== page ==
Performance Tips

Make similar draw function calls successive

The less draw commands, the better the performance is.

One drawing function like DrawImage or Fill is usually treated as one (internal) draw command, but there is an exception. Successive drawing commands are treated as one draw command when all the below conditions are satisfied:

Even when all the above conditions are satisfied, multiple draw commands can be used in really rare cases. Ebiten images usually share an internal automatic texture atlas, but when you consume the atlas, or you create a huge image, those images cannot be on the same texture atlas. In this case, draw commands are separated. The texture atlas size is 4096x4096 so far. Another case is when you use an offscreen as a render source. An offscreen doesn't share the texture atlas with high probability.

examples/sprites is a good example to draw > 10000 sprites with one (or a few) draw command(s).

Know the actual drawing commands with ebitendebug build tag

To see actual drawing commands, you can use ebitendebug build tag. For example, if you execute blocks example, you will see the below logs:

go run -tags=example,ebitendebug github.com/hajimehoshi/ebiten/examples/blocks
...
--
draw-triangles: dst: 7 <- src: 1, colorm: <nil>, mode copy, filter: nearest, address: clamp_to_zero
draw-triangles: dst: 7 <- src: 2, colorm: <nil>, mode source-over, filter: nearest, address: clamp_to_zero
draw-triangles: dst: 8 (screen) <- src: 1, colorm: <nil>, mode clear, filter: nearest, address: clamp_to_zero
draw-triangles: dst: 8 (screen) <- src: 7, colorm: <nil>, mode copy, filter: screen, address: clamp_to_zero
--
draw-triangles: dst: 7 <- src: 1, colorm: <nil>, mode copy, filter: nearest, address: clamp_to_zero
draw-triangles: dst: 7 <- src: 2, colorm: <nil>, mode source-over, filter: nearest, address: clamp_to_zero
draw-triangles: dst: 8 (screen) <- src: 1, colorm: <nil>, mode clear, filter: nearest, address: clamp_to_zero
draw-triangles: dst: 8 (screen) <- src: 7, colorm: <nil>, mode copy, filter: screen, address: clamp_to_zero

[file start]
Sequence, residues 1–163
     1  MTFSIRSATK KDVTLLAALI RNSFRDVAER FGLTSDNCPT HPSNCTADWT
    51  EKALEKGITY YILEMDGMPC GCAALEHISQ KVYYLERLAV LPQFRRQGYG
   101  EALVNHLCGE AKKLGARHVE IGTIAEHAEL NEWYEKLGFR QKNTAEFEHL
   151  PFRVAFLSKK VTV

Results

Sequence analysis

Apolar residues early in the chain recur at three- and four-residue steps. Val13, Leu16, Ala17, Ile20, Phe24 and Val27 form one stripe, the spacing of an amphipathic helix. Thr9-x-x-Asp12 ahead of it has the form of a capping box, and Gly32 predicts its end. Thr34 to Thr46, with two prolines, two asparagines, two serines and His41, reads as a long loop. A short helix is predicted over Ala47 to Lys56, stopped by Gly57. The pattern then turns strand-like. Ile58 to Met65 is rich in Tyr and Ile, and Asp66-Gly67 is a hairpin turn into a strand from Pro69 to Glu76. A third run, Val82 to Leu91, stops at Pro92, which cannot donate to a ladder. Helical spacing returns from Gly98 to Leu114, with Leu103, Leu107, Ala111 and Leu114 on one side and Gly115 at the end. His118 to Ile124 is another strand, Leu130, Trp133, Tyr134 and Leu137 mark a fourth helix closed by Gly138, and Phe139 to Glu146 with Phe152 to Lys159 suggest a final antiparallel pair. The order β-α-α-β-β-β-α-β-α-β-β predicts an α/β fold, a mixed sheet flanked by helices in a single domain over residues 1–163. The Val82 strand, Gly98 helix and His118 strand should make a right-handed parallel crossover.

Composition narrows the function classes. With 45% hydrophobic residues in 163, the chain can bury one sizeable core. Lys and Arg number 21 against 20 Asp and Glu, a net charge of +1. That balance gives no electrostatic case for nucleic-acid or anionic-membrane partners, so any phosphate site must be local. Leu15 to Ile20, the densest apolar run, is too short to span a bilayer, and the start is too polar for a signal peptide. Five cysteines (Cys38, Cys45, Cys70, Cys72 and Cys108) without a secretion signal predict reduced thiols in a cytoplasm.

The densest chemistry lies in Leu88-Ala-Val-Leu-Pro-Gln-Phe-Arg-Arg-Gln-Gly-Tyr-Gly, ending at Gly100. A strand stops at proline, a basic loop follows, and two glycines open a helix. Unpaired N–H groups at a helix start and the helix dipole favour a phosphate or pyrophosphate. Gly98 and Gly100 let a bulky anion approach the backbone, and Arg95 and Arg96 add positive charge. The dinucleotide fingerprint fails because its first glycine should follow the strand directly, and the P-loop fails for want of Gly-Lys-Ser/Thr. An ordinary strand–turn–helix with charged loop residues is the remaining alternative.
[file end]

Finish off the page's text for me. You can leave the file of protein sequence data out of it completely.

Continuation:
--
draw-triangles: dst: 7 <- src: 1, colorm: <nil>, mode copy, filter: nearest, address: clamp_to_zero
draw-triangles: dst: 7 <- src: 2, colorm: <nil>, mode source-over, filter: nearest, address: clamp_to_zero
draw-triangles: dst: 8 (screen) <- src: 1, colorm: <nil>, mode clear, filter: nearest, address: clamp_to_zero
draw-triangles: dst: 8 (screen) <- src: 7, colorm: <nil>, mode copy, filter: screen, address: clamp_to_zero
--
draw-triangles: dst: 7 <- src: 1, colorm: <nil>, mode copy, filter: nearest, address: clamp_to_zero
draw-triangles: dst: 7 <- src: 2, colorm: <nil>, mode source-over, filter: nearest, address: clamp_to_zero
draw-triangles: dst: 8 (screen) <- src: 1, colorm: <nil>, mode clear, filter: nearest, address: clamp_to_zero
draw-triangles: dst: 8 (screen) <- src: 7, colorm: <nil>, mode copy, filter: screen, address: clamp_to_zero
--
...

Avoid changing render sources' pixels

Ebiten records almost all draw functions in order to restore when context lost happens. When a render source's pixel is changed after it is used as a render source, Ebiten tries a complicated calculation for restoring.

A.DrawImage(B, op) // B is a render source
B.DrawImage(C, op) // tries to change B's pixels. Avoid this if possible.

As well, cyclic drawing should also be avoided.

A.DrawImage(B, op)
B.DrawImage(A, op) // cyclic drawing! Avoid this if possible.

Avoid using the screen as a render source

The screen is a special image because the image is cleared at every frame. As explained above, Ebiten records a drawing function calls but using the screen as a render source makes the calculation complicated.

Don't call (*Image).ReplacePixels too much

ReplacePixels is a relatively heavy function.

Don't call (*Image).At too much

At is also heavy that tries to solve all the queued draw commands and retrieve pixels from GPU.

It is fine to create one player for one short sound effect

Creating an audio.Player is not expensive. It is fine to create one player for one short sound effect. For example, this code is totally fine:

// PlaySE plays a sound effect.
func PlaySE(bs []byte) {
    sePlayer, _ := audio.NewPlayerFromBytes(audioContext, bs)
    // sePlayer is never GCed as long as it plays.
    sePlayer.Play()
}

In this code, audio.NewPlayerFromBytes is used instead of audio.NewPlayer. audio.NewPlayerFromBytes creates a new stream on call, while audio.NewPlayer accepts an existing stream. As a stream has a byte data and its position, one stream cannot be shared by multiple players. With NewPlayerFromBytes, you can play sounds effects regardless of whether the same sound is playing or not.

As for BGMs that bytes can be much bigger than SEs, it is recommended to reuse one audio.Player by, e.g., (*audio.Player).Rewind. It is because preparing a byte slice for the whole music at one time might be expensive. It should be rare to play the same BGM at the same time anyway.